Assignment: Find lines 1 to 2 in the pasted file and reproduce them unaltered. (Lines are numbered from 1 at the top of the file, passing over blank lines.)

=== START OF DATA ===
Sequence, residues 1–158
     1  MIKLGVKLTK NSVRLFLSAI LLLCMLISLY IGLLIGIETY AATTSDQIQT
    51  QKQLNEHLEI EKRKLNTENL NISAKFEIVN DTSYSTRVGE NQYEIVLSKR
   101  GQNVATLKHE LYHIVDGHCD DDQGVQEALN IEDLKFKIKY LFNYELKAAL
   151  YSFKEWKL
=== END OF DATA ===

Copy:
Sequence, residues 1–158
     1  MIKLGVKLTK NSVRLFLSAI LLLCMLISLY IGLLIGIETY AATTSDQIQT